Central concepts in agency law – 2018
9:30 am to 5:00 pm, 24 October 2018
UCL Laws4-6 Endsleigh GardensLondonWC1H 0EGUnited Kingdom
About this course
This one-day seminar programme on Central Concepts in Agency Law aims to develop an advanced understanding of some of the key concepts in the law of agency, a subject of vital practical importance which is rich in ideas and detail. It affords participants an opportunity to benefit from the insight of Professor Peter Watts QC, the General Editor of the leading text on the law of agency, Bowstead & Reynolds on Agency, now in its 21st edition. Peter has designed and will run the seminar, and there will also be contributions from members of the Faculty of Laws at UCL with expertise in commercial law.
The programme starts with the concept of agency itself: its definition, functions in private law, and its variants and relationships to other concepts. It then moves to consider in turn the two central concepts in contracting through agents, “actual authority” and “apparent authority”. Lesser known ways to bind owners of businesses and property to transactions are then introduced. Selected other aspects of agency law are integrated into the programme and relevant recent case-law will be fully covered, both on the day and in material provided to participants.
Participants will be able to ask questions and join in discussions throughout the course. It is proposed to end the programme by applying agency principles to answering a model fact pattern
- The nature of agency
- Definition: what makes a person an agent of another?
- A voluntary not imposed relationship?
- The parasitic role of agency in private law: contract, tort, restitution and property law
- The role of agency in company law, trusts law, and unincorporated associations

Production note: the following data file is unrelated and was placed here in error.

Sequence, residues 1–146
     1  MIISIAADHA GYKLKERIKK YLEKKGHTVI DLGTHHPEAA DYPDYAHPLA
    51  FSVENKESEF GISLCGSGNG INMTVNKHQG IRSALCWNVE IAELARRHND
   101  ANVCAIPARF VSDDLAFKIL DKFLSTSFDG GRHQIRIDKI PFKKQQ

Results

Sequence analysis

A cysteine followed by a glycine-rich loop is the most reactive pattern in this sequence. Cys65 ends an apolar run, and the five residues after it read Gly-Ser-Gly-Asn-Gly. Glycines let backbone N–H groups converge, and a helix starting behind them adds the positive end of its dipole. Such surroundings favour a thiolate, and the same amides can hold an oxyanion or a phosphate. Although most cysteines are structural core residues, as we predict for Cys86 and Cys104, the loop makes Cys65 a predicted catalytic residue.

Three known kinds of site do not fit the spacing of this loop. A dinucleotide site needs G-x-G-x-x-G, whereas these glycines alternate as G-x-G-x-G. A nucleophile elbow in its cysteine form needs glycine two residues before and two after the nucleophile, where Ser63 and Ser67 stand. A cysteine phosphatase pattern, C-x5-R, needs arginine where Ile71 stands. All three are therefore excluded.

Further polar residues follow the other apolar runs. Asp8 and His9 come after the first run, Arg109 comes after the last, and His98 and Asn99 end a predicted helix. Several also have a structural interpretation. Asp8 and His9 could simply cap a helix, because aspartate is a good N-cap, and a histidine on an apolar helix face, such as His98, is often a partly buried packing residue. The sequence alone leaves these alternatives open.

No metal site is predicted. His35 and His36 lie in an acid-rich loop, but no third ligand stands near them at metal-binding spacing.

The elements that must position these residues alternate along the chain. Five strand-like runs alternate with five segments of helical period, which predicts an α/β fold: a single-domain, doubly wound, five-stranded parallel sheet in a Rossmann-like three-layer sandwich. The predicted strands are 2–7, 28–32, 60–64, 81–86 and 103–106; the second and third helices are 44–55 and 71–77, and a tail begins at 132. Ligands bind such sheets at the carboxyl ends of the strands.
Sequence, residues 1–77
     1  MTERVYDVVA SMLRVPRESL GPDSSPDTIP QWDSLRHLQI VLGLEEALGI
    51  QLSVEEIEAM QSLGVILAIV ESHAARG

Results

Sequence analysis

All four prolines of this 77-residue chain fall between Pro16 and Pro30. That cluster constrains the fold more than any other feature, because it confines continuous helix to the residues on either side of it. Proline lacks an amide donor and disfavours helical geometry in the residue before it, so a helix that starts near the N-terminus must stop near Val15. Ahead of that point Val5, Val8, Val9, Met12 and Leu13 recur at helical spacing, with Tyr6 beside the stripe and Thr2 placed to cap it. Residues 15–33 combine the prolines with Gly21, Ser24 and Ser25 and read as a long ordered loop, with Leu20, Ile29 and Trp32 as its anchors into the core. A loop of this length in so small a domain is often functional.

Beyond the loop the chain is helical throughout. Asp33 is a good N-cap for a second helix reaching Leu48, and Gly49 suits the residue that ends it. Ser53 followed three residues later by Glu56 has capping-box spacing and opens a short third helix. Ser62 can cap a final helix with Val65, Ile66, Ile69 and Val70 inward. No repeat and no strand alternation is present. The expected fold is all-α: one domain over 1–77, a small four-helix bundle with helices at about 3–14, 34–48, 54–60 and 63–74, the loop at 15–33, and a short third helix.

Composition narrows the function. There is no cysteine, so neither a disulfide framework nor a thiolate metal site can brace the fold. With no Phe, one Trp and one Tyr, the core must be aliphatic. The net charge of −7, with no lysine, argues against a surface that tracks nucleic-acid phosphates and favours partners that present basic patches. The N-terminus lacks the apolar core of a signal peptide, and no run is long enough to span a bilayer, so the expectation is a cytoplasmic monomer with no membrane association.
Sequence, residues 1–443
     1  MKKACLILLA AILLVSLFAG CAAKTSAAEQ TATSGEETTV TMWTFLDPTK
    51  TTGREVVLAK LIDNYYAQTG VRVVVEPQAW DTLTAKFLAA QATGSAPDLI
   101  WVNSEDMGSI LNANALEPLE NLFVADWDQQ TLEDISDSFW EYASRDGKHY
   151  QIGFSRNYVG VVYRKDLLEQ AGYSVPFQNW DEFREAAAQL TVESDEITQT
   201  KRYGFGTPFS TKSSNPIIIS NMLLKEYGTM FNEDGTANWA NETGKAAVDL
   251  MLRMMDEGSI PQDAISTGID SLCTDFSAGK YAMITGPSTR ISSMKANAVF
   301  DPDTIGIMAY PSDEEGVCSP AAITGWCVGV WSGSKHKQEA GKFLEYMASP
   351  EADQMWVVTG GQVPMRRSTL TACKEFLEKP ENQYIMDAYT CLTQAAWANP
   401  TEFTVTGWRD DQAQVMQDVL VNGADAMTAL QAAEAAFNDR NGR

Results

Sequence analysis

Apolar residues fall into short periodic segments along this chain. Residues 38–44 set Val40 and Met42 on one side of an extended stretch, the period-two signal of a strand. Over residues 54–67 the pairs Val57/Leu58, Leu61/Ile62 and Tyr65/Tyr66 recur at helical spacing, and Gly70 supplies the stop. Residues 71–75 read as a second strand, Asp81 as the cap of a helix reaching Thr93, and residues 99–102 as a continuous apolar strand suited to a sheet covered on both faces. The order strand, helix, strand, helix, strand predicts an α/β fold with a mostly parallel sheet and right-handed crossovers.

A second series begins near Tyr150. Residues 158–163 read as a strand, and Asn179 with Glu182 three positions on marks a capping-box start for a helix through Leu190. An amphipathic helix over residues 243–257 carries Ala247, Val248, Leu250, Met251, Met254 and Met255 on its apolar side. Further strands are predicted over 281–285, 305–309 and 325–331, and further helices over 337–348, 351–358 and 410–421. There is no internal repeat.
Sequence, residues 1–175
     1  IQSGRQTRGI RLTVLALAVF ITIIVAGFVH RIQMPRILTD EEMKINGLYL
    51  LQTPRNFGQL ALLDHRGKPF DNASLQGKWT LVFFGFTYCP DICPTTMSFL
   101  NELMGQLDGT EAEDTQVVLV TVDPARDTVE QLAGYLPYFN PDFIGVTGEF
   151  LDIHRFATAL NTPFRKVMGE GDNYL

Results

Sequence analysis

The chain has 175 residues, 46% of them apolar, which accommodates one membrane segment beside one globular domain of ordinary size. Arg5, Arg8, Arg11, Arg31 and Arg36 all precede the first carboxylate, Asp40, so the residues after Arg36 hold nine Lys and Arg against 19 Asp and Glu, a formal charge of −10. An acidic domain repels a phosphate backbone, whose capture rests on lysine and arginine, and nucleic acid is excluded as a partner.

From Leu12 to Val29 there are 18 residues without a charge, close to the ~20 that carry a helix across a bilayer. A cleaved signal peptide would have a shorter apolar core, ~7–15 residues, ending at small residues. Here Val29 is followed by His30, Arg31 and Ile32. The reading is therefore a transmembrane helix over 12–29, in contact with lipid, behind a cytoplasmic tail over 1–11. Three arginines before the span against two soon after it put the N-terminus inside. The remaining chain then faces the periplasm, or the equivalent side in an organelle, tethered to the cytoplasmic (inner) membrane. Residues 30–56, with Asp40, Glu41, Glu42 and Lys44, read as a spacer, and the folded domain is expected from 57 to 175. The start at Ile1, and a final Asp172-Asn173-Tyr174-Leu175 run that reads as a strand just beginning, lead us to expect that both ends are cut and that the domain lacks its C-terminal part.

- Dual agency
- Types of agent, and contrasts with other concepts
- Actual authority
- How is it established?
- Acquiescence and estoppel
- Retrospectivity: ratification
- Withdrawing actual authority
- Usual authority
- Dishonesty and improper purpose
- Duty to adhere to mandate
- Authority to act illegally
- Apparent authority
- What can constitute a representation/holding out (including use of modern technologies)
- Representation by the principal: can certain types of agent “self-authorise”?
- Reasonable reliance, and being put on inquiry as to lack of authority
- Constructive authority
- Anomalous cases: Hambro v Burnand; Watteau v Fenwick
- Deeds as a method of authority-less contracting
- Agents in possession of property and documents: mercantile agents
- Vicarious liability for misstatement of authority by employees?
- Remedies where agents take secret commissions
Who should attend
The course is aimed at solicitors and barristers who practise in commercial law. It will cover the basics for those less familiar with the concepts of agency law but will at the same time provide an advanced treatment that will add knowledge for experienced practitioners.
At the end of the course, participants will have obtained a sound and up-to-date knowledge of the central concepts of agency law and their functions in commercial law, and will have been assisted in applying those principles in a practical context They will also have gained knowledge of some of the less familiar corners of the subject.
About the Presenters
Peter Watts QC
The programme will be led by Peter Watts QC, the General Editor of the leading text on the law of agency, Bowstead & Reynolds on Agency, now in its 21st edition. Professor Watts (currently on leave from the University of Auckland) practises fulltime as a barrister at Bankside Chambers in Auckland, New Zealand, and is a door tenant at Fountain Court Chambers, The Temple, London. In addition to his links to University College London, he is a Visiting Professor at the University of Oxford.
Paul S Davies is Professor of Commercial Law at UCL. He was previously a Fellow of St Catherine’s College, Oxford, and before that a Fellow of Gonville and Caius College, Cambridge. Paul is also an Associate Member of Maitland Chambers, and has published widely on the law of obligations and property. He is the author of Accessory Liability (Hart Publishing, 2015), Equity and Trusts: Text, Cases and Materials (2nd ed, OUP, 2016, with Graham Virgo), JC Smith’s The Law of Contract (OUP, 2016) and is a contributing editor to Snell’s Equity.
Magda Raczynska is a Lecturer in Law at UCL. She has presented a number of papers and published on personal property and obligations. She is a Deputy Executive Director of the Secured Transactions Law Reform Project, a member of the Consulting Editorial Board at LexisPSL Banking & Finance, author of The Law of Tracing in Commercial Transactions (OUP 2018) and a contributing author to McKnight, Paterson and Zakrzewski on The Law of International Finance (OUP 2017).